Dignity and Dying

ANGELA MARTIN

March 04, 1992|By ANGELA MARTIN

Recently my uncle died of cancer. It was not a ''good'' death. If he recognized the seriousness of his illness, he told no one. He went into surgery expecting to go home after a brief convalescence, but complications developed that required a second emergency procedure.

Afterward he lay in intensive care, surrounded by beeping machines. Though apparently conscious, he never spoke. Nurses assured us he was getting the maximum dose of morphine and felt no pain; but his eyes told a different story. There was no peaceful acceptance there, only pain and fear.

And while we kept vigil through endless days, helpless to end his agonized groaning and spasmodic twitching, unable to offer any comfort at all, we began wishing -- praying -- for death to come quickly. But death lingered just outside the door, and for two long weeks our lives revolved around his unseeing, unknowing form.

Why? For what purpose? Would not ''death with dignity'' have been preferable to this useless suffering?

Would it?

At the funeral, a relative criticized his doctor for ''keeping him alive.'' It may have seemed that way to a lay person, but I knew that medical technology had not prolonged his ending.

Yes, he was on a respirator for a few days after the surgery -- a conventional practice -- but he breathed on his own when it was removed. A tube in his nose drained fluids from his stomach -- without it, stomach acids might have ulcerated his stomach and caused more pain. An IV line delivered fluids to prevent painful dehydration -- and also delivered the morphine that, we hoped, kept him beyond the reach of pain. A heart monitor provided information on his condition, but caused no additional discomfort and certainly did nothing to prolong his life.

Sitting in that hospital waiting room, I understood the feelings of those seeking ''death with dignity.'' At the same time, I knew that nothing, short of a lethal injection, could have shortened the dying process for my uncle.

Euthanasia proponents prey upon our natural fear of prolonged and meaningless suffering. They have won many converts. But we must think about what euthanasia will do to our society. In Holland, voluntary, physician-assisted suicide is permitted but must be reported. A recent study showed that fewer than 10 percent of such ''suicides'' were reported to authorities, and in many cases, the killing was done without the patient's request or permission.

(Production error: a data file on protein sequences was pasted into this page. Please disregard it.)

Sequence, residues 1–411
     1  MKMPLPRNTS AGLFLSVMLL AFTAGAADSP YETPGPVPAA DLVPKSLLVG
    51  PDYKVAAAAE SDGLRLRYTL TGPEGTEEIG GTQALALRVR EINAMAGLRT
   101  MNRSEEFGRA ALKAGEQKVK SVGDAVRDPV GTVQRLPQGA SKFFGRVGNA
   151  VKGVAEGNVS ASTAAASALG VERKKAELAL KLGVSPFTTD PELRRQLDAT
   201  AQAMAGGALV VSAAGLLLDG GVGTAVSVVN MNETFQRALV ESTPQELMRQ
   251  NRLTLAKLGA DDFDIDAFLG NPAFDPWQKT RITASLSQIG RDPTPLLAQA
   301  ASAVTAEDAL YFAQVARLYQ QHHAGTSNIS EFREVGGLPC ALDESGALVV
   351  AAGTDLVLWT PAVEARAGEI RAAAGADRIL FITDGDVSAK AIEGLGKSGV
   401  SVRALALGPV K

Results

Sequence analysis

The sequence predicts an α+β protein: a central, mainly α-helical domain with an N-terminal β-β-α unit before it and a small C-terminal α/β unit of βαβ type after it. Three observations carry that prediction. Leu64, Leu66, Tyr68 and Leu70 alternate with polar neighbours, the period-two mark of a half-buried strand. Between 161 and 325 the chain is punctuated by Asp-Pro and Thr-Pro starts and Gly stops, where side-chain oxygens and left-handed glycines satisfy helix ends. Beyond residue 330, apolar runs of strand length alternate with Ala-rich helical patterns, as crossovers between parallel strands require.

The Hippocratic Oath was originally devised for the protection of patients. Doctors do, after all, have the power to kill as well as heal. If we allow physicians to kill their patients, where will it end? The complete confidence that once formed the basis of the doctor-patient relationship will be severed. No one will be safe.

We have forgotten how Nazi Germany began its reign of terror. It began not with Hitler, but with a group of German doctors who began practicing euthanasia on the mentally ill and the handicapped. Hitler approved of their euthanasia program, exploiting and extending it to rid the state of other ''useless eaters.'' Today, America is rushing blindly to embrace the philosophy that some lives are not worth living -- the cornerstone of Nazi belief.

''Death with dignity'' is a misnomer. There is nothing ''dignified'' about death. It is, indeed, the final indignity. But it occurs to me that dying is like birth. We come into this world naked and helpless, prodded and stared at by strangers, unable to exert even the slightest control over the circumstances that surround us. Even as we struggle against the indignity of it, we realize that the suffering is over. We find that birth is good. We die in the same way, but I would like to believe that we forget the pain of our dying in the transcendence that follows.

We do not confer ''dignity'' on our dying by choosing the moment or the means of our final exit, nor do we confer ''dignity'' on loved ones by killing them. There is nothing dignified about either self-destruction or murder.

On the other hand, my uncle's painful passage out of this life, ultimately, was filled with dignity. It was seen in the unremitting love of those who surrounded him, cherishing him and valuing his life even as he expelled his last breath.

The euthanasia movement is based on fear. Its proponents offer those who are suffering not the love that casts out fear, only the quick answer to be found in a bottle of poison. How lonely, how hopeless they must be!

To those who ask ''Whose life as it, anyway?'' we must answer, ''It's not ours.'' We did not bring ourselves into existence, nor can we claim the power that makes our lives continue. We do not own our lives. We have no right to end them.

Angela Martin writes from Walkersville.

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